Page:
Texas residents interested in bankruptcy matters might like to know about what trustees are allowed to do in bankruptcy cases. With Chapter 7 bankruptcy, trustees may liquidate a debtor’s assets in an effort to pay back creditors. As part of this process, two trustees in Maryland have demanded access to debtors’ online accounts. However, people and groups have raised concerns about this practice.
The U.S. Trustee Program, bankruptcy attorneys and a representative of the National Association of Consumer Bankruptcy Attorneys are all wary about asking for account passwords as standard practice in bankruptcy matters. In the Maryland cases, the trustees provided a questionnaire that asked for the log-in information for accounts with Amazon Prime, PayPal and eBay. The document also told debtors not to change the passwords and to keep the accounts active.
When asking for passwords, privacy concerns are a big issue. The questionnaire did not make clear who will have access to the information or what the information will be used for. While this usually does not happen in Chapter 7 bankruptcy cases, trustees might ask about accounts and transactions.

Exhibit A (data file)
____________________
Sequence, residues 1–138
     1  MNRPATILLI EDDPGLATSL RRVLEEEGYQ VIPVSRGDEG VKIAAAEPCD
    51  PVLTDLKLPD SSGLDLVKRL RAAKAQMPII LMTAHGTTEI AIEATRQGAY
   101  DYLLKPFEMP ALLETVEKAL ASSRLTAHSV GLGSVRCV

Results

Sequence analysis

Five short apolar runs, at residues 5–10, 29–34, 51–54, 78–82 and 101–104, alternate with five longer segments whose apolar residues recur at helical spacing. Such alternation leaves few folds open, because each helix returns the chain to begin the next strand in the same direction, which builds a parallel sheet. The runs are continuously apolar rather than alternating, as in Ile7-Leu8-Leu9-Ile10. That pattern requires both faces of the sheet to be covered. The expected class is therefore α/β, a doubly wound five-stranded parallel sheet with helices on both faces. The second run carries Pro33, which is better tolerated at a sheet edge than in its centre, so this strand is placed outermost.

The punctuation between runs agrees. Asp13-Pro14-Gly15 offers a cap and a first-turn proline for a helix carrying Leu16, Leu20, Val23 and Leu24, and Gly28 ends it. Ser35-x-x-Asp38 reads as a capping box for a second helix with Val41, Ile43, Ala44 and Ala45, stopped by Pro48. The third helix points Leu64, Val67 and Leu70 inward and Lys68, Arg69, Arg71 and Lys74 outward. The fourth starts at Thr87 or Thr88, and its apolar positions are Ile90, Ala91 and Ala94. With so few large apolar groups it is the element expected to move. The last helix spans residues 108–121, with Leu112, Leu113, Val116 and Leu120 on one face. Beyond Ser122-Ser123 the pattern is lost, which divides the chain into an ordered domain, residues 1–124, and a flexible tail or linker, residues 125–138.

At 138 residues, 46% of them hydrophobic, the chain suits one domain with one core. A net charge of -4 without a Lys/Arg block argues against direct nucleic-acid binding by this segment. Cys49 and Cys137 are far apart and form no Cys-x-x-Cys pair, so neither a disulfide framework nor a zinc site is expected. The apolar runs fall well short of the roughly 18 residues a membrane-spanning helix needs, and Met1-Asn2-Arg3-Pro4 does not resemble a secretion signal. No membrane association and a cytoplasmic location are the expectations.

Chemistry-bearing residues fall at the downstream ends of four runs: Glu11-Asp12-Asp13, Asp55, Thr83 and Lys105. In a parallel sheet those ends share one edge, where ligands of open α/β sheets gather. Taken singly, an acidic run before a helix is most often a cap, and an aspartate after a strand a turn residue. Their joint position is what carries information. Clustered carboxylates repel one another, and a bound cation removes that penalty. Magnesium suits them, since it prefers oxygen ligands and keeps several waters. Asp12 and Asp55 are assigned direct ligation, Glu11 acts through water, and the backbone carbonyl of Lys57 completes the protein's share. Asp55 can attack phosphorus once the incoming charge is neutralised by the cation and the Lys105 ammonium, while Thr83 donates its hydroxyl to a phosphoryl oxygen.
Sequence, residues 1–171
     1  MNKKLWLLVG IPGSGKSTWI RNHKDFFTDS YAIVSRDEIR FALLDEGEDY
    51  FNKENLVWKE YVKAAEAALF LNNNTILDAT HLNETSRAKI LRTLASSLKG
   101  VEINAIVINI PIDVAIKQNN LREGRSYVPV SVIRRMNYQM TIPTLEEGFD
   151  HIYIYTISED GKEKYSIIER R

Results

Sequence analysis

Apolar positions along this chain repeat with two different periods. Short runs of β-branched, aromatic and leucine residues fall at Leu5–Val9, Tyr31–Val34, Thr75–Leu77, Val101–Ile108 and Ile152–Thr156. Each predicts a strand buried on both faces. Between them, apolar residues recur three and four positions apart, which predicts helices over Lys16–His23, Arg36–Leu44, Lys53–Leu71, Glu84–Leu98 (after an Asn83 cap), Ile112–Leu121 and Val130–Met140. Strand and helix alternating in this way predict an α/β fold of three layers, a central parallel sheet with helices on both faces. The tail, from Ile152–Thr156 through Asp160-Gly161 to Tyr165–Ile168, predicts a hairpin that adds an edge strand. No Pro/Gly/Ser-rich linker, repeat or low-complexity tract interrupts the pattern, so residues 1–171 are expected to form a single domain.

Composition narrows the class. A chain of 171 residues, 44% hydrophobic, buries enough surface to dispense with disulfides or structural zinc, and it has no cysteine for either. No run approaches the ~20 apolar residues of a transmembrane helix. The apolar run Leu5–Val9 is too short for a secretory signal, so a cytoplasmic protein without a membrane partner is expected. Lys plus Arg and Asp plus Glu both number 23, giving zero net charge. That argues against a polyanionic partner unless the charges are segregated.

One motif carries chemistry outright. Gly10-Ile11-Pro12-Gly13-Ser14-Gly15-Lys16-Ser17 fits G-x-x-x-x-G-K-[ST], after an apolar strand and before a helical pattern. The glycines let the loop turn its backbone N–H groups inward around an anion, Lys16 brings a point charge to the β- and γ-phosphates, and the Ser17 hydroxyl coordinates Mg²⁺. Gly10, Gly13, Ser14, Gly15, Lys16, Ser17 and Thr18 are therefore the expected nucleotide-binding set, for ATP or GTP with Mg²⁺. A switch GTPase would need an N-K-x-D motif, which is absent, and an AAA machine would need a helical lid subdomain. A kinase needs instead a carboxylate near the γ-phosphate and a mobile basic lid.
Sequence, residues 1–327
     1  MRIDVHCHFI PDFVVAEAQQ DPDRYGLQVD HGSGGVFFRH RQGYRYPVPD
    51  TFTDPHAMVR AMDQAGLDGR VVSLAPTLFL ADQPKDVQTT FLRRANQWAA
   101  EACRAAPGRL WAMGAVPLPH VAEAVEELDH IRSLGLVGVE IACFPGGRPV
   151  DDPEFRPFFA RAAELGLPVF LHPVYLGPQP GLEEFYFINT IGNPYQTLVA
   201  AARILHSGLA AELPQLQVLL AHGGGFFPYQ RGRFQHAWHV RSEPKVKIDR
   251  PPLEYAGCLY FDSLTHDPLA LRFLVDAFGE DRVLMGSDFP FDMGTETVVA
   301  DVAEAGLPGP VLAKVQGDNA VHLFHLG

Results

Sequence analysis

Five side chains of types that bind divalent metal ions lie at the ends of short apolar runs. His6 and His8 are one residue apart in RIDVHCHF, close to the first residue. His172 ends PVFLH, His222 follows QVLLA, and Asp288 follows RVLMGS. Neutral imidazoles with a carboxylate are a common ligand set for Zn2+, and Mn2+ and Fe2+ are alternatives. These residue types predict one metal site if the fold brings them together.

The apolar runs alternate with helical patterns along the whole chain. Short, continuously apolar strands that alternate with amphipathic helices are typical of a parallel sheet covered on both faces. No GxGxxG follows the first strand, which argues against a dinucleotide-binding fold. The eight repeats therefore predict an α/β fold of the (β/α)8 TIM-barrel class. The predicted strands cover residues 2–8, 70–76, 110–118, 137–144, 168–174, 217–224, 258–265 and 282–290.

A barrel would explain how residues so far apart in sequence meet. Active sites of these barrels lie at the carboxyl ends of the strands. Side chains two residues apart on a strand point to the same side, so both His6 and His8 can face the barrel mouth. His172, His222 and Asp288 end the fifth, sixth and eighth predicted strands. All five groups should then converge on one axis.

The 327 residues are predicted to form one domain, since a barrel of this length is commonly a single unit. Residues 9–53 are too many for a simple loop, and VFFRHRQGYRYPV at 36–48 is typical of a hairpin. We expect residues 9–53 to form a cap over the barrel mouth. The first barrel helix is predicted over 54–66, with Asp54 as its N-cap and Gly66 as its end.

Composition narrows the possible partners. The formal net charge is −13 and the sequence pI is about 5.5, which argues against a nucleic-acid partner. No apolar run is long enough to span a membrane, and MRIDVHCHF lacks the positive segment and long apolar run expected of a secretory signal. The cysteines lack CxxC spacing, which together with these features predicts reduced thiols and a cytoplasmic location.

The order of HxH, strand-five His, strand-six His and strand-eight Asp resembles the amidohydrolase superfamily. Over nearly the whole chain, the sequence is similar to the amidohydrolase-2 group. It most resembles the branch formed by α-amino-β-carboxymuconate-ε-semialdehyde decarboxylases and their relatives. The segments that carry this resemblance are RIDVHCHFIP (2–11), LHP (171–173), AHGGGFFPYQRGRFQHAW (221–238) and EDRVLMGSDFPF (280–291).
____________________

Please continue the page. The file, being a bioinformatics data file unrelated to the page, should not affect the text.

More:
Conventional wisdom seems to suggest that asking a debtor for account passwords is not always wrong. However, trustees should have a reason for needing this information. If legitimate concerns exist about a person’s transfers and assets, then asking for passwords may be warranted. However, trustees could first get account information by asking for statements or getting a subpoena.
When it comes to debt collection, not everyone plays by the rules. Even those who are acting in good faith may sometimes have misconceptions about proper debt practices. This may make it important to consult an attorney when considering bankruptcy. An attorney could ascertain whether bankruptcy may be in one’s best interests and if one is eligible for Chapter 7.